Speaking of donkeys, at that moment I realized I was probably the only thing nearby that resembled anything like a jackass. So I headed back to my room to call home and give an update, then reach out to Jason, or my pen pal Cristo.  Only problem was my phone didn’t work.  All back up plans built upon the accessibility of modern infrastructure laid useless before me, as I stared blankly at the Chinese instructions on the red phone in my hand.  I remember thinking, man I wish this red phone could reach the president, because I’m feeling a potential state of emergency coming on.  Every combination dialed and tried was answered with a female cryptic message, all in Chinese.  Whispering sweet nothings to me in Klingon could have had the same effect.  Later I would learn that in order to use the phone you had to buy a calling card on the street, in order to buy a calling card on the street you had to speak Chinese, then by default, to be able to follow the instructions on the calling card you had to read Chinese.  So to mine and my family’s dismay, it would be well over a week before they would know that I was in China, and still with a pulse.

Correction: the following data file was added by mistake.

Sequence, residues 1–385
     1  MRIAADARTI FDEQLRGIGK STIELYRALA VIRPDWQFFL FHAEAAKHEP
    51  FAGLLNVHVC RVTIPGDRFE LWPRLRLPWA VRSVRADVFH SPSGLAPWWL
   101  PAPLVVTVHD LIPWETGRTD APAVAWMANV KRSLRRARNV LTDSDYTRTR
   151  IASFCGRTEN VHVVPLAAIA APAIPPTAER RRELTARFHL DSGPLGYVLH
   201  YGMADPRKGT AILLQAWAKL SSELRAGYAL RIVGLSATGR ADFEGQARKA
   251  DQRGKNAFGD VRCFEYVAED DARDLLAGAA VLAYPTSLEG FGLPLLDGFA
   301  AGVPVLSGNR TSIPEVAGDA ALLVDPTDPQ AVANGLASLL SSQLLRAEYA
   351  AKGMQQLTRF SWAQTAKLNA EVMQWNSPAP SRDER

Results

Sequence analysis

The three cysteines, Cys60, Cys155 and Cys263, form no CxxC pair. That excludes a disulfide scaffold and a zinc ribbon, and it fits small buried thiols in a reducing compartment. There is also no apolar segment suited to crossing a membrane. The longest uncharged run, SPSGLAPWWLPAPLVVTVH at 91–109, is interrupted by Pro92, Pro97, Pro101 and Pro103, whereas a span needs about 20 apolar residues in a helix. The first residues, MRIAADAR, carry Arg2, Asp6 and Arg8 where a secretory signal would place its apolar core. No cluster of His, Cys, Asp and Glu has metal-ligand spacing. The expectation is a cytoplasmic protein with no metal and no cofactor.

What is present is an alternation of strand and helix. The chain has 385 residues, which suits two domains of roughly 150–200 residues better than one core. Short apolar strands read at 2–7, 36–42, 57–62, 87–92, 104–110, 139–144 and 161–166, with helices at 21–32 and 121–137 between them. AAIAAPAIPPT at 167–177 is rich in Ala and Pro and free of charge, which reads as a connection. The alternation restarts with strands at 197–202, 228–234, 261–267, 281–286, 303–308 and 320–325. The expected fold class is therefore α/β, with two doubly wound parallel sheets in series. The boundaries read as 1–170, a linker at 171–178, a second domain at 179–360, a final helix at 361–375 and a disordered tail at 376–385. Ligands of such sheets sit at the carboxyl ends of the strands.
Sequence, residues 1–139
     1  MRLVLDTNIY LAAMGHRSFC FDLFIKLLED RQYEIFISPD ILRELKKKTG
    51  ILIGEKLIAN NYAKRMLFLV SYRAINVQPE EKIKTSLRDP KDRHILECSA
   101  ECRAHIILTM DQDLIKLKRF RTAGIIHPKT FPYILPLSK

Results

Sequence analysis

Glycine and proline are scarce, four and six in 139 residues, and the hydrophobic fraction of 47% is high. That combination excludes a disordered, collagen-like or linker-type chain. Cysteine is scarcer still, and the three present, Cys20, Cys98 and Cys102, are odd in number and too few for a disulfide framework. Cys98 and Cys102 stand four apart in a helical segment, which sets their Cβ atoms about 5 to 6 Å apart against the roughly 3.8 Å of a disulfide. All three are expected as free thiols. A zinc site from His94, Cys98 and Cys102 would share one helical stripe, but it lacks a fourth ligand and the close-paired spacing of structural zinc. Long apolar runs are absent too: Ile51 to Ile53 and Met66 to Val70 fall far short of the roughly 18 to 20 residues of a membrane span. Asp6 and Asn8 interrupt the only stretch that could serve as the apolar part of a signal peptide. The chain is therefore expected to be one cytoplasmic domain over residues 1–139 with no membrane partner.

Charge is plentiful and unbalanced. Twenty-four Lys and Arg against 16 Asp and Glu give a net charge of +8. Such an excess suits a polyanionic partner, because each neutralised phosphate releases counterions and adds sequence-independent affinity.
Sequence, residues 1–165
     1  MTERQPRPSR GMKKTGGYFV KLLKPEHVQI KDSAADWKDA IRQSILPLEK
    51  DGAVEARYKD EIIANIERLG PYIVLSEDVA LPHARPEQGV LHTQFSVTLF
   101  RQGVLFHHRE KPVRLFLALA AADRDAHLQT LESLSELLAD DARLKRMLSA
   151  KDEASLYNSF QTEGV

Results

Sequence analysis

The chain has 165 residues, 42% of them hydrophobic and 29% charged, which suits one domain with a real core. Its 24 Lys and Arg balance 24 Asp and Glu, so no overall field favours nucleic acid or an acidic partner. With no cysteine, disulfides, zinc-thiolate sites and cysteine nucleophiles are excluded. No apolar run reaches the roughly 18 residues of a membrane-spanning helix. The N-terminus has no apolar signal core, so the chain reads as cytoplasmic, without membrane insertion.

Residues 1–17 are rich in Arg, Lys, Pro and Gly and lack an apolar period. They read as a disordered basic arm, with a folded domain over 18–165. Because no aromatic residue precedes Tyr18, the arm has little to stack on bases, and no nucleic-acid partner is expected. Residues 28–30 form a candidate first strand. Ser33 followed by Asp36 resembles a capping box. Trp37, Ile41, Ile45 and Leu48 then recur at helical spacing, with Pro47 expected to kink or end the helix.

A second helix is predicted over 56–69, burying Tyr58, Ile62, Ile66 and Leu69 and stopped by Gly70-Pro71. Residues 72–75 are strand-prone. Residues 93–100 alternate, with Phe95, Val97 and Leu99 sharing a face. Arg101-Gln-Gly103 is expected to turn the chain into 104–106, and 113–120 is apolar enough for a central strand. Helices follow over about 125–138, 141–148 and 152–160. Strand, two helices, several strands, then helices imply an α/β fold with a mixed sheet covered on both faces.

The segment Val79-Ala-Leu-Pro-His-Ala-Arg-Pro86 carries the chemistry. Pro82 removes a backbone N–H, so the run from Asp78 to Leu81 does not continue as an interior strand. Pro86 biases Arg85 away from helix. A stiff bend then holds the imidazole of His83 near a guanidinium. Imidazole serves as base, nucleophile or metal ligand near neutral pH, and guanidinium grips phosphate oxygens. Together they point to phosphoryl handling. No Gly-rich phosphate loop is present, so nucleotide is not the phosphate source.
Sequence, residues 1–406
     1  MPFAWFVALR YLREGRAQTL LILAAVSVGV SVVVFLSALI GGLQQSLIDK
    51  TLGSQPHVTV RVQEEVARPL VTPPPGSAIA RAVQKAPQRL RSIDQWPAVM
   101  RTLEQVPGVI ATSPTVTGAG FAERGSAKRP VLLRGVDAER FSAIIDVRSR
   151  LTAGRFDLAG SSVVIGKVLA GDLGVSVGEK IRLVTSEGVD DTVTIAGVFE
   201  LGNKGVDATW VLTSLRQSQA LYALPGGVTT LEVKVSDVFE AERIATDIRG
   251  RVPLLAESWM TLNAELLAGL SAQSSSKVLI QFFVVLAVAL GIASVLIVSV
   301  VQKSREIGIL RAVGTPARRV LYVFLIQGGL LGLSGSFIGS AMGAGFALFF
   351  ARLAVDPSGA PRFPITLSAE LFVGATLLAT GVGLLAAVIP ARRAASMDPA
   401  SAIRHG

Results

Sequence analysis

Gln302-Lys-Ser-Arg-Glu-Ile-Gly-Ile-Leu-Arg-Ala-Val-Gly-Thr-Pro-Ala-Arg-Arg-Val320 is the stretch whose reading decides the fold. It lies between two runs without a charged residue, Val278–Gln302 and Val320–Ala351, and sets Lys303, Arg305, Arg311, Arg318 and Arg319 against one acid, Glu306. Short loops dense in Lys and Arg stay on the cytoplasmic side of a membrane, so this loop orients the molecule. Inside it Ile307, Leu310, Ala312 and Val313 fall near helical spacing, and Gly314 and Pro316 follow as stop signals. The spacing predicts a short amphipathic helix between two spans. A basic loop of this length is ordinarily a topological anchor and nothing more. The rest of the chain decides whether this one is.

I took a minute and thought about my next step.  I could just go into one of those restaurants and eat something, anything, but what if I got sick?  Then what if I was rushed to the nearest local hospital and given who knows what, or stuck with a dirty needle, etc.  My imagination ran rampant.  Then I grabbed Cristo’s number, a handful of change, and headed out in search of a pay phone.  Each time I left the dormitory I could only go so far as to make sure I could retrace my steps.  If I got lost it wasn’t like I could just ask someone, hey where’s the international dormitory?  I couldn’t even hop into a cab and tell the driver to rush me to the airport.  So I carefully ventured out among a sea of Chinese, foreign streets, strange smells, and awkward stares, the kind of stares you would expect if a thousand pound gorilla was trotting down the middle of the intersection.  I dodged bicycles, mopeds, and herds of others until I finally found a pay phone.  My relief at the pay phone quickly faded when I saw there was no hole to insert your change, and only a slot for a calling card. It was such a modern styled pay phone compared to what may have been found lining a street, or gas station in America.  However, China was always like that, full of extremes and opposites fortified and coexisting in the same place, at times it would infatuate me and other times infuriate me. Just walking you might pass an elaborate modern high rise full of luxury apartments and next to it a half crumbling communist era building, both with residents. Maybe even pass a construction site with one man wearing a sports coat and hard hat crushing rocks with a sledge hammer, and right next to him another guy in pajamas gathering the stones.  I can’t even count the times I thought, now that is such a clever idea, and in the same moment think, but that simply doesn’t make sense.  Unfortunately for me this pay phone made perfect sense, it just didn’t take cents.  So off I went always with the same result.  I would feel occasional surges of panic, followed by pointlessly pointed questions of, why did you do this?  After several hours had passed and cumulative miles walked, I sat down on a wall across from my dormitory.  I looked around and it became ever more real to me that I was in a foreign land, couldn’t communicate, had no idea where I was, and couldn’t call anyone.